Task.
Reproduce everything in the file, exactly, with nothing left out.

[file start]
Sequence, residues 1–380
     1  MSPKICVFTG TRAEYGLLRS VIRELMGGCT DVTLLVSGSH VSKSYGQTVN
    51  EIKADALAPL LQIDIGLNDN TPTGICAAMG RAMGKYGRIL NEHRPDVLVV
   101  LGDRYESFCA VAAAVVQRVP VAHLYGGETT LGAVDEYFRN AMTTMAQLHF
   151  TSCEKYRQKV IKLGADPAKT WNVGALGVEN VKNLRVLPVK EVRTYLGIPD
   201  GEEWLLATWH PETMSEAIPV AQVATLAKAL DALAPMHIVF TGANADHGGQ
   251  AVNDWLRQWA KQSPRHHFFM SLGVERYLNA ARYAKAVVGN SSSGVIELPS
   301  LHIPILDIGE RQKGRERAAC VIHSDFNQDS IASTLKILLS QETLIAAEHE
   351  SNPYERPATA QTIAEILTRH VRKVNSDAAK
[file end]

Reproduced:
Sequence, residues 1–380
     1  MSPKICVFTG TRAEYGLLRS VIRELMGGCT DVTLLVSGSH VSKSYGQTVN
    51  EIKADALAPL LQIDIGLNDN TPTGICAAMG RAMGKYGRIL NEHRPDVLVV
   101  LGDRYESFCA VAAAVVQRVP VAHLYGGETT LGAVDEYFRN AMTTMAQLHF
   151  TSCEKYRQKV IKLGADPAKT WNVGALGVEN VKNLRVLPVK EVRTYLGIPD
   201  GEEWLLATWH PETMSEAIPV AQVATLAKAL DALAPMHIVF TGANADHGGQ
   251  AVNDWLRQWA KQSPRHHFFM SLGVERYLNA ARYAKAVVGN SSSGVIELPS
   301  LHIPILDIGE RQKGRERAAC VIHSDFNQDS IASTLKILLS QETLIAAEHE
   351  SNPYERPATA QTIAEILTRH VRKVNSDAAK